Tue, 19 Oct 2010

Digitising Slides

Sliding past expensive equipment to digitise slides

The Problem

I had around 300 old family-slides laying around. Most, if not all of them, from the 60s. They were stored less than optimal and while most of them had a green tint only, others turned completely yellow or red. Because those slides take up quite some space (including the projector) and no one uses that thing anyway it was time to get rid of them. However, not without storing that historic information on something smaller, like a DVD.

Possible solutions

  • Film scanner: Most of those include digital ICE which should produce very acceptable results. But they are pricey and 300 slides (that are primarily of sentimental, if any, value) don’t justify any expense higher than 0€.
  • Flatbed scanner: Why not use my old Canon FB630U? I write “old” because there are no drivers for Windows 7 or a current version of Mac OS X and it doesn’t work with SANE. So I got rid of Ubuntu on my notebook and installed Windows XP to be able to use that archaic, incredibly slow scanner again. After scanning a slide, which included finding the right amount of light for the back-lighting, I realized that there is nearly no depth of field and 600dpi for a slide is not necessarily excessive.
  • Digital camera: Do what others do in a similar situation: use a digital camera to photograph the slides while back-lighting them. The advantage of this approach - when it comes to back-lighting - is, that I don’t have to change the lighting condition but can set the right exposure on the camera. So the decision was made.

Doing It

Hold me

After I settled on the method, I needed some pratical apparatus to make the whole thing as painless as possible. Because I knew that I’m not going to shoot all slides in one go, I needed a solution that I can put away in-between and use again within no time. By taking a wooden stick and attaching it to the camera’s tripod mount I had the basis for my construction.

Picture of the contraption

Next thing I needed was a way to hold the slide in place and for that I took a thick cardboard of which I took two layers to raise the slide above the wooden stick and into the middle of the frame. Add to other layers of that on the front and the back, distanced so that a slide fits perfectly in between and you have a very cheap but working holder for the slide.

Thrill me

The next choice I had to make, was the lens I would be using. Because of the limited length and the resulting small focusing distance I’d have needed a macro lens. Unfortunately I don’t have one (often thought about getting an EF-S 60mm, but I could never convince myself to spend the money on it, which was no different this time), so I stuck with the EF 24-105 f/4 which has the biggest magnification of my lenses. That said, I still had to use it at its MFD, which is never a good thing to do, but I was limited by the sticks length and the fact that moving the slide further away reduces the effective resolution of the slide because it becomes smaller. Anyway, gotta use what you’ve got!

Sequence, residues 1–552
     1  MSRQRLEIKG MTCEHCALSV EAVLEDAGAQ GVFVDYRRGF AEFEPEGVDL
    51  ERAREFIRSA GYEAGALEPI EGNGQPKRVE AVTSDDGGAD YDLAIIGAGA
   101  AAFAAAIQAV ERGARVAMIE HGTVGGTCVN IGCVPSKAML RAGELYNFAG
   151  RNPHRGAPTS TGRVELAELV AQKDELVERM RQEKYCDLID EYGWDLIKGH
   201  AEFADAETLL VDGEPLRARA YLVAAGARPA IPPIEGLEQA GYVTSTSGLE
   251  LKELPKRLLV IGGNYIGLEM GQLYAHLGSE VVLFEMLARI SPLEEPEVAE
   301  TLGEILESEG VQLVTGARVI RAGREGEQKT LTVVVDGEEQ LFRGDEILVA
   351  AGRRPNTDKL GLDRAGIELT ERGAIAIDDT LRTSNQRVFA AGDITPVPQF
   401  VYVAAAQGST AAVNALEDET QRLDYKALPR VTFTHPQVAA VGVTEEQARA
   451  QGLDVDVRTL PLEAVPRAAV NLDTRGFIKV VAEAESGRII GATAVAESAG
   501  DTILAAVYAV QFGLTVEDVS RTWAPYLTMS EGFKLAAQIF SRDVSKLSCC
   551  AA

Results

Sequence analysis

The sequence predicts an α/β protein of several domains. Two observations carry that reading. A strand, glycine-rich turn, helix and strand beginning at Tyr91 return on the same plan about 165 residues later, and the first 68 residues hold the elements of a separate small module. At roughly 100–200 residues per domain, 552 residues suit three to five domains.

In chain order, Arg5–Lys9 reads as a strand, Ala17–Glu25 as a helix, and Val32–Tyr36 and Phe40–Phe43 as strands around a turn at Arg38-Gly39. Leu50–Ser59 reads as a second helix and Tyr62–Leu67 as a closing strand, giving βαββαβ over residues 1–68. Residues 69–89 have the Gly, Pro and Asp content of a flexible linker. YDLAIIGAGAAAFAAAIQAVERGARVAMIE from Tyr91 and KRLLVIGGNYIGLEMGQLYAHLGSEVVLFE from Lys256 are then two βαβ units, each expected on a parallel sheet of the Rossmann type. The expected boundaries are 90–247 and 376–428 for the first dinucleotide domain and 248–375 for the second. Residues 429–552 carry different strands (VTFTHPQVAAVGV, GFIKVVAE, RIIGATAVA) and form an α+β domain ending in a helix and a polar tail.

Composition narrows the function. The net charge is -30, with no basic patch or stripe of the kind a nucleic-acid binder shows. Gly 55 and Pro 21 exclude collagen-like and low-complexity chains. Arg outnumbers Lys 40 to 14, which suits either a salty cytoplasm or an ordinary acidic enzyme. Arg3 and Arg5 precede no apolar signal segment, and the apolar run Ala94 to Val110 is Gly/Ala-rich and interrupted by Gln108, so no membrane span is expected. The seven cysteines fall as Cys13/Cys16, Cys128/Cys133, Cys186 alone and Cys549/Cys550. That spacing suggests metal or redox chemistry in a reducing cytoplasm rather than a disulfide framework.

Kiss me

With all of that out of the way it came to the actual shooting. I positioned the whole thing so that the background of the slide was a bright (preferable white) background. Because the distance between the slide and the wall was about 1m it was out of focus anyway and any fine pattern on the surface didn’t matter. At the end I used ISO 200 (ISO 100 on a 50D doesn’t make much of a difference in noise) @f/8 (to be at the sweet spot of the lens in regards to aperture, as I’m already stuck at the MFD) and 1/100th of a second. To reduce any further blurriness because of vibrations I used a cable release to trigger the mirror-lockup and the 2s self-release timer.

And that was basically all1 there is to it. Take a slide. Put it between the two cardboard layers. Press the button on the cable-release. Wait. Remove slide. Rinse and repeat. One slide took me less than 10s.

Kill me

What then? Well, first of all, crop and level the images. Those slides where only 1/3 of the full image-frame. And levelling was very important, because whoever took those shots in the first place, had problems with level pictures to start with :) I did not sharpen them while converting them from RAW to 16bit TIFFs. I also did not change the white balance. Those slides were all over the place when it comes to colouration anyway.

When I first saw the pictures on screen I was disappointed because they were so blurry, until I came across 2 slides from 5 years ago. Those were very sharp. With a sigh of relief I accepted that it was not my method of digitising them, but the original slides that were not sharp at all. Finally I loaded them into Photoshop and used Level to give them back their original colours by setting the grey point. Also compressing by moving the black and white point to where they belong. On the rare occasion where that resulted in a slightly bluish tint, I used Color Balance to remove it.

All was fine at this point, except their sharpness. So I reduced them in size using Bicubic Sharper. Because my target device is a digital picture frame supporting a resolution of 800x600 pixels only, I resized the pictures to 800x533 and applied Unsharpen Mask (100%/0.3/1).

Example of a finished slide

Now, are they good looking and sharp pictures? Nope, but at least they cannot degrade any further, don’t have any colour shifts and take up much less space. I consider that to be a victory.

  1. The really time-consuming thing was to physically clean up the slides. That took way more than 10s per slide. [return]

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